July 14 Public Hearing on Boone’s Proposed Condemnation of Farmland for Water Intake

Published Monday, July 13, 2015 at 3:29 pm

By Jesse Wood

Editor’s Note: At the request of the Town of Boone, the Agricultural Advisory Board of the Watauga County Voluntary Farmland Preservation Program will hold a public hearing on Tuesday, July 14, at 7:00 p.m. in the large courtroom in the Watauga County Courthouse.

The purpose of the hearing is to receive information and comments from the Town of Boone and the citizens of Watauga County on the proposed condemnation by the Town of Boone property owned by I.S. Cooper, Ronald Sidney Cooper, and Donald Lee Cooper.

The town intends to condemn the property in order to construct a water line from a new water intake facility to the town’s water distribution system. For more information, contact the Watauga County Soil and Water District office at 828-264-0842.

See prior article about this particular proposed condemnation.

Water & Soil Board To Hear Presentation of Town’s Condemnation of Preserved Farmland

By Jesse Wood

June 24, 2015. Local activist and member of the New River Advocates, Deborah Greene will give a presentation to the Watauga Soil and Water Conservation District board on Thursday morning regarding Town of Boone’s intent to condemn property that is among the Voluntary Farmland Preservation Program.

The Cooper farm that is part of the Voluntary Farmland Preservation Program in Ashe and Watauga County.

The Cooper farm that is part of the Voluntary Farmland Preservation Program in Ashe and Watauga County.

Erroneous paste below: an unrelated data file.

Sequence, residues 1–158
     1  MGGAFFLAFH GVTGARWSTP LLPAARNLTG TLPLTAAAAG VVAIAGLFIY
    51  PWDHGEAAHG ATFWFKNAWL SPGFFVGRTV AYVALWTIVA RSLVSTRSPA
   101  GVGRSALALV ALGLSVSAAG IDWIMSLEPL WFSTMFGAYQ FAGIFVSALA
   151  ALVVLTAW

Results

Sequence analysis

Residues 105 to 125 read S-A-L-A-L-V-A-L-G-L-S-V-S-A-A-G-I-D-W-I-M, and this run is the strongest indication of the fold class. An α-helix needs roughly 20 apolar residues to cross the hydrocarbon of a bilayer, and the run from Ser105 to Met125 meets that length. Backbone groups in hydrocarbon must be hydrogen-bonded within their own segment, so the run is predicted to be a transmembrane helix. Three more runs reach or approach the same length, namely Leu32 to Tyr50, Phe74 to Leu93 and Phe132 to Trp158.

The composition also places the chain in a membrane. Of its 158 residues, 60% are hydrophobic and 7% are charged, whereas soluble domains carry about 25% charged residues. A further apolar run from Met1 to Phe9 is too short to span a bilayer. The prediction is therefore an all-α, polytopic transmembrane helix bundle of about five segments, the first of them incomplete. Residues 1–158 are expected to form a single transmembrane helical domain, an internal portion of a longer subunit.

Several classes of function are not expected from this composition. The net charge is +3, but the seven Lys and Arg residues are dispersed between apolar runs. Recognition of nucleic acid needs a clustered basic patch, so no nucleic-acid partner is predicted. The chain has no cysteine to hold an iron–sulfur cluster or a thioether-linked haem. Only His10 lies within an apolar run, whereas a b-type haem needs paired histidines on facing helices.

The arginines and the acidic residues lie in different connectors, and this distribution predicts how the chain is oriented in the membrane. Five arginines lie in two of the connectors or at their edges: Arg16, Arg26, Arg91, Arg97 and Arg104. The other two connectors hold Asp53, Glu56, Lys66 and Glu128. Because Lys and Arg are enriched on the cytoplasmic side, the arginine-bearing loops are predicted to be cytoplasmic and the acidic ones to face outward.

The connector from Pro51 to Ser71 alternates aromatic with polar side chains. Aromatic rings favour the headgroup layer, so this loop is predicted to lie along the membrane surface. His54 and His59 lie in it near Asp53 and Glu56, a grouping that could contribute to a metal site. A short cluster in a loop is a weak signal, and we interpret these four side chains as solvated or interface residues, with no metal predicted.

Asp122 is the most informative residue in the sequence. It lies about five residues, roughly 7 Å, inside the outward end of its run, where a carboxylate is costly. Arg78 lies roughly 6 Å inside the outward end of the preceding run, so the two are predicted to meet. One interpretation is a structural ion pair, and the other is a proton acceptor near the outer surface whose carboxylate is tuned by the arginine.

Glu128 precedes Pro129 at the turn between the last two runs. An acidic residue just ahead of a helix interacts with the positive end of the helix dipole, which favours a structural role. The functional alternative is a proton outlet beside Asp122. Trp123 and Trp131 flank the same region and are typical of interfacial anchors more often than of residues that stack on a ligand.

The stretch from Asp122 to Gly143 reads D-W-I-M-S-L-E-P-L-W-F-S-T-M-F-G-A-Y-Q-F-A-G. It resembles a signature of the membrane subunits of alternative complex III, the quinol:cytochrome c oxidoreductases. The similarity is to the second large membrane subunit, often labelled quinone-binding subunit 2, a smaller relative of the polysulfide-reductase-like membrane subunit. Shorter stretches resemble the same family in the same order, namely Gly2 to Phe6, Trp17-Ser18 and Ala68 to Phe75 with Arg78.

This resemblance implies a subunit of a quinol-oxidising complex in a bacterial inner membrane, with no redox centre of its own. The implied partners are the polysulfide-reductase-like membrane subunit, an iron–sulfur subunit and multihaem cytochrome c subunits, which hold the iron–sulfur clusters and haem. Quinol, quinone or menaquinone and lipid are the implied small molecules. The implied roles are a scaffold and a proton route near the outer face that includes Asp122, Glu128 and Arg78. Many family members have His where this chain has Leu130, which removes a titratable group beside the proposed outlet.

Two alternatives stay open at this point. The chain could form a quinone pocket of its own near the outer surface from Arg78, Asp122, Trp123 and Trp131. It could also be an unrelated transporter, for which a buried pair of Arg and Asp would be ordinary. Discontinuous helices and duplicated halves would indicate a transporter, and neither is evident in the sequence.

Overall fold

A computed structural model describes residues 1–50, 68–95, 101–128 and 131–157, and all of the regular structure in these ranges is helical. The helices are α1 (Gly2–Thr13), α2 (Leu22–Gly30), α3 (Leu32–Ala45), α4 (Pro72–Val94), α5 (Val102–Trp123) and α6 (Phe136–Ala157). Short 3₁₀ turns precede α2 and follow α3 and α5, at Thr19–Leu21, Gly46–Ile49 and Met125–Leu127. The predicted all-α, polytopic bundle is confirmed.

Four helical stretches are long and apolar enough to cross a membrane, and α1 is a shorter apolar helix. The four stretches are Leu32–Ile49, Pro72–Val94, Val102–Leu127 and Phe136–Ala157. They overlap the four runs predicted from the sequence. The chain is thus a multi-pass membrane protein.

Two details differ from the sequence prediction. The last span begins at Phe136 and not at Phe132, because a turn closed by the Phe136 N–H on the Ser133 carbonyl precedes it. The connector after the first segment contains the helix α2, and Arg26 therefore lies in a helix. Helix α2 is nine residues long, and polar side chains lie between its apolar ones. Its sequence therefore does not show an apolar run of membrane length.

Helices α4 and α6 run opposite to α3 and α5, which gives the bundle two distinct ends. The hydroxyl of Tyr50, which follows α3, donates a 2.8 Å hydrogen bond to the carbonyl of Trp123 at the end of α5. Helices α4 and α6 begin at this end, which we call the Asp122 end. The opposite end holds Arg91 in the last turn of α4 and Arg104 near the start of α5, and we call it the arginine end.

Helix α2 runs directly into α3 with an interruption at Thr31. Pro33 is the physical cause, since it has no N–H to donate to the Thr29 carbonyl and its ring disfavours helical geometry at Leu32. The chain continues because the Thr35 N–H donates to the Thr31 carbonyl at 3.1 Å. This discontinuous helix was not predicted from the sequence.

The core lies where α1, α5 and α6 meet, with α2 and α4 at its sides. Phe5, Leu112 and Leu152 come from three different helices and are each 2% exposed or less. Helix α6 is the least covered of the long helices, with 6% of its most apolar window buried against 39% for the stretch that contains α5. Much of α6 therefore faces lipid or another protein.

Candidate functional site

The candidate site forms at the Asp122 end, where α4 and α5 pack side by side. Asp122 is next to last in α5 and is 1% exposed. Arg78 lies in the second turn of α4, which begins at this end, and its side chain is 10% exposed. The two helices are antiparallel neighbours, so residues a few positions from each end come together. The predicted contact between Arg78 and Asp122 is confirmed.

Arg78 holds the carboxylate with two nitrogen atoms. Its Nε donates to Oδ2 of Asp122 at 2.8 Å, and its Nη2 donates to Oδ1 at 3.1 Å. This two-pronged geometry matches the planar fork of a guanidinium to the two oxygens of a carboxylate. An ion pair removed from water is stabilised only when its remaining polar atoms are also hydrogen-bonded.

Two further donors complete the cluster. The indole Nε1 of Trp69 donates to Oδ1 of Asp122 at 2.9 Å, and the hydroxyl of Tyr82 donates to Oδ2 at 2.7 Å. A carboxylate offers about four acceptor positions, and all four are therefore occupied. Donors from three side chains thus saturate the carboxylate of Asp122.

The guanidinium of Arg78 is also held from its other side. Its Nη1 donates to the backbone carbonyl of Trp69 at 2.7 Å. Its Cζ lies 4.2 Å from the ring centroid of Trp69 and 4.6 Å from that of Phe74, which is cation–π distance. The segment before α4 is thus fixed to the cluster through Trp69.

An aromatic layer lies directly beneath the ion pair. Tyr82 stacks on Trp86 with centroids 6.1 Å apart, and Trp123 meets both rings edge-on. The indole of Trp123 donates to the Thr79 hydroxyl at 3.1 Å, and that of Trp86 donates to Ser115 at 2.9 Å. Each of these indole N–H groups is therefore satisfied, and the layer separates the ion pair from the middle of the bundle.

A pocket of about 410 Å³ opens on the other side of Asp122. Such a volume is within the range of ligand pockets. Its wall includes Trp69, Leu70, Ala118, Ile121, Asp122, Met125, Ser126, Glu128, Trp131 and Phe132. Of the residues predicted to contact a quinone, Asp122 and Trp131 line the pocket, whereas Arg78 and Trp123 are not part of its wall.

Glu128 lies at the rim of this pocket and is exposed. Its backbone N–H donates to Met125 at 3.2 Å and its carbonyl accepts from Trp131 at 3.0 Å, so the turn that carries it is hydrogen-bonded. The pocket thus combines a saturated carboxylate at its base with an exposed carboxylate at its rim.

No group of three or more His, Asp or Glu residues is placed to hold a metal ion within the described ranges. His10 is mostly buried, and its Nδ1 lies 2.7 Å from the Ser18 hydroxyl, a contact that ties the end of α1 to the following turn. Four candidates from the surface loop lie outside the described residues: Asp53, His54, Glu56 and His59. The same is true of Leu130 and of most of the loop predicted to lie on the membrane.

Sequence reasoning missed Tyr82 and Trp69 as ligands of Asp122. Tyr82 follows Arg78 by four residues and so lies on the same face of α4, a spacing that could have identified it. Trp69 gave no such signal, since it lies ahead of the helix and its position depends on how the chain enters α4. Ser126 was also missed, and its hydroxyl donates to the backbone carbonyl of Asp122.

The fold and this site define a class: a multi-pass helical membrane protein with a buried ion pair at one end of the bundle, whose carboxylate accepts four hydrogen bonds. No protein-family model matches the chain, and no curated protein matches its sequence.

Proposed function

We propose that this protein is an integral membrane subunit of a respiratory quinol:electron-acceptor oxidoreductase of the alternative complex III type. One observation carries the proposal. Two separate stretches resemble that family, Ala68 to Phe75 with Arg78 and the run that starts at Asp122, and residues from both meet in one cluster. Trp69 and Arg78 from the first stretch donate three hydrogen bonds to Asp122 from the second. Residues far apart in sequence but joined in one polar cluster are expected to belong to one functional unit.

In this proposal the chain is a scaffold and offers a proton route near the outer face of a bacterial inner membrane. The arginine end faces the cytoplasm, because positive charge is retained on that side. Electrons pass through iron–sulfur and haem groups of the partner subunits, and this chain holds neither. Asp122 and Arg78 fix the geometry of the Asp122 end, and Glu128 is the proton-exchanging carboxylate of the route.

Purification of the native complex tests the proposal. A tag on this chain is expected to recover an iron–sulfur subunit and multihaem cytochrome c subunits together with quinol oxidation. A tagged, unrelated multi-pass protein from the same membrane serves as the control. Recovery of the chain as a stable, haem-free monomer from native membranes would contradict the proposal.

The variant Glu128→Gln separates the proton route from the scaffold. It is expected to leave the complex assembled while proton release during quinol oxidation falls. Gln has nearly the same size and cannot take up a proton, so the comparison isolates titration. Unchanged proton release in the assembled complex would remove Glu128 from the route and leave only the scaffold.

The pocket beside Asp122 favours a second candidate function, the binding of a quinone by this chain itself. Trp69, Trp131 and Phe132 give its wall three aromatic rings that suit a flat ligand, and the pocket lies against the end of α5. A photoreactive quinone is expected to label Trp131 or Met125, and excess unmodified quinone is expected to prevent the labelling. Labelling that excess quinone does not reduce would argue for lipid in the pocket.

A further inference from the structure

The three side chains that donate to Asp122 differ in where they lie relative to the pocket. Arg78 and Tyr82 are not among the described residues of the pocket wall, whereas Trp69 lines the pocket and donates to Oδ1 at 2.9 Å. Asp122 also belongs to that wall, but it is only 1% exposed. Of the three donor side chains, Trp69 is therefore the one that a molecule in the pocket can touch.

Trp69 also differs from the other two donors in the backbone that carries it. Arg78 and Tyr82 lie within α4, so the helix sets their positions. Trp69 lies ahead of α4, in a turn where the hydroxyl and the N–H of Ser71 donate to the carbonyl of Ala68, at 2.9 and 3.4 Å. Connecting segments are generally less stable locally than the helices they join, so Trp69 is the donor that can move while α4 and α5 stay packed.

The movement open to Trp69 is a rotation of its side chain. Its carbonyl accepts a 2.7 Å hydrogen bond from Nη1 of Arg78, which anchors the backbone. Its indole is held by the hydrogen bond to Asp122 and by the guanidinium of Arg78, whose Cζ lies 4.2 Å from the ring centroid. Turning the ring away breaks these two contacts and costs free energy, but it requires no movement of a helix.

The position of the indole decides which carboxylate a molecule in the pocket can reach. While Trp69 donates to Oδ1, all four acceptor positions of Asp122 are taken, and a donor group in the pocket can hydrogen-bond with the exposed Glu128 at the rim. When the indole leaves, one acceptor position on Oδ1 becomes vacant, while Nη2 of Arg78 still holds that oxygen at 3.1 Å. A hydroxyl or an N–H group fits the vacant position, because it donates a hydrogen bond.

The Town of Boone is seeking easements near Todd for the transmission line of its proposed water intake located along the South Fork of the New River. If the Town of Boone and landowners can’t come to a monetary agreement, the town has stated that it will acquire the land through eminent domain.

Earlier this month, Ronald Cooper, Donald Cooper and I.S. Cooper, property owners in Ashe and Watauga counties near the proposed intake, filed a complaint against the Town of Boone, demanding a jury trial, stating that property the Town of Boone is “seeking to condemn is qualifying farmland within a voluntary agricultural district established and administered” by the counties under its farmland preservation ordinances.

In May, the Town of Boone sent a “Notice of Condemnation” letter to Ronald and I.S. Cooper, stating that it would be taking 1.81 acres for the “purpose of installing, inspecting, operating, maintaining, repairing and reconstructing water lines and such pipes, manholes, fittings, fixtures and other accessories.”

In addition to being property in the Voluntary Farmland Preservation, it is also listed under the National Register of Historic Places.

In addition to being property in the Voluntary Farmland Preservation, it is also listed under the National Register of Historic Places.

The town’s letter stated that following installation, the property owner would be allowed to use the property condemned and that the town would restore and repair damage it causes during construction or maintenance.

The Cooper’s complaint notes that any government agency isn’t allowed to initiate an action of condemnation of qualifying property within a voluntary farmland preservation district without holding a public hearing.

The lawsuit is seeking that the courts permanently issue an injunction against the Town of Boone condemning the Cooper’s property and that the town be required to comply with the provisions of the farmland preservation ordinances of Watauga and Ashe County – among other prayers to the court.

As for tomorrow morning’s meeting, Brian Chatham, soil conservation technician in Watauga County, said that Greene reached out to the county department and requested to speak before the board.

Chatham said that after Greene’s presentation, the Water Soil and Water Conservation District board would schedule a public hearing for citizens to comment on the town condemning property in the voluntary farmland preservation program in Watauga County.

The meeting takes place at 8 a.m. on Thursday in the Agricultural Conference Center off of 971 West King Street in downtown Boone.

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